“Are you doing alright?” A friend looked me straight in the eyes and inquired about my emotional state the other day.
“Yes.” I replied at first on autopilot. Then, I stopped and was honest. “No. Today is a struggle.”
She smiled knowingly and placed a hand on my shoulder. “Would you like to talk? I have to work later. However, if you need me, just call.”
I shook my head and continued on with the day. However, suicidal feelings and depression only increased. Finally, I realized that I needed help to get through the week. Instead of hurting myself or giving into despair, I contacted my friend to ask for help. She came over and just listened as I struggled to rely my thoughts.
People often gripe about texting. It is a form of communication that I am not totally comfortable with although I am getting better at it. Yet, this swift way of getting in touch with others can be a very helpful coping skill.
You want to be careful what you disclose in a text. Think first about what your purpose is. Do you feel like you are in danger? Then be to the point and ask for what you need at that moment. If you are feeling a bit down, be honest but do not over-exaggerate or joke about being in a worse place or wanting to hurt yourself.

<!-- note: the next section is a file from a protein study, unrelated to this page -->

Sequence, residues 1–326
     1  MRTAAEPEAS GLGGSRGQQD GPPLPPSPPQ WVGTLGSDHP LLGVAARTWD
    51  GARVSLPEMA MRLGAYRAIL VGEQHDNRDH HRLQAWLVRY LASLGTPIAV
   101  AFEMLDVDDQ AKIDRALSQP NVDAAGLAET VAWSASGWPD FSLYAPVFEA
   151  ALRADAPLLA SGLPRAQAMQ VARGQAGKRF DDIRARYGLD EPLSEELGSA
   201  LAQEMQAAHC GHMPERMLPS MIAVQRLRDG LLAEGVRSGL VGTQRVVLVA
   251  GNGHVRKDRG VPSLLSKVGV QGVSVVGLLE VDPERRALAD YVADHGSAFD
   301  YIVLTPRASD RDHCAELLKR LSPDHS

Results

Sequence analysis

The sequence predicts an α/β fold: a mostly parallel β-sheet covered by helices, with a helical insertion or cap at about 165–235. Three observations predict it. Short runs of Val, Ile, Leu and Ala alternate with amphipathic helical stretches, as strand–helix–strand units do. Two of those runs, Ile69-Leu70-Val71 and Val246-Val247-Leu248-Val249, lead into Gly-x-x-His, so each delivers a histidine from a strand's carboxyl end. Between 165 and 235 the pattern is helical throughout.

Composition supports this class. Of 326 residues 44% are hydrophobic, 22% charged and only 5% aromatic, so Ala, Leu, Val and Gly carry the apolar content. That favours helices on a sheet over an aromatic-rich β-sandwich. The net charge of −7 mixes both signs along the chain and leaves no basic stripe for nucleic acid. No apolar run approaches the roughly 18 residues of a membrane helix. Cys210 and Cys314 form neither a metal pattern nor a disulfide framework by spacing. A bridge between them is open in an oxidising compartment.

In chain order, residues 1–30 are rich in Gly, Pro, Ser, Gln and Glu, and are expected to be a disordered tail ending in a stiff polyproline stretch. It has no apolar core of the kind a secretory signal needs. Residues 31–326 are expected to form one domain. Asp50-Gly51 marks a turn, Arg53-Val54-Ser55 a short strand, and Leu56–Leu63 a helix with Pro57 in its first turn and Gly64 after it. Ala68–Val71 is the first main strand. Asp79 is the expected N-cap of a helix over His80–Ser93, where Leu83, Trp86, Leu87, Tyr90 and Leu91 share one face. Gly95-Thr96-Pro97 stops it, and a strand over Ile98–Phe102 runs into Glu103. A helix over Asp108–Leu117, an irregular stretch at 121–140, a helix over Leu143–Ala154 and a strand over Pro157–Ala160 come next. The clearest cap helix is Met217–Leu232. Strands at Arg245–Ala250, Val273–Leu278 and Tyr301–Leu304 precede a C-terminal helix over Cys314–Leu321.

Secondly, think about who you are writing to and how that will affect your message. Is it a friend who also has the same struggles? Then you might want to consider the possibility of triggers. Is is a family member who helps you remain safe? Then let them know how dire the situation is.
Finally, follow up on the message. Often a simple text is not enough to get you through a difficult situation or day. Either send multiple texts, call the person, or meet up with them. Pair this with another coping skill if you need to do so.
Texting is certainly not a coping skill that I thought I would be using. However, it can be very helpful for getting a hold of people quickly. Now, I realize that its value for my mental health.
Good Morning Text by Mom Goes On
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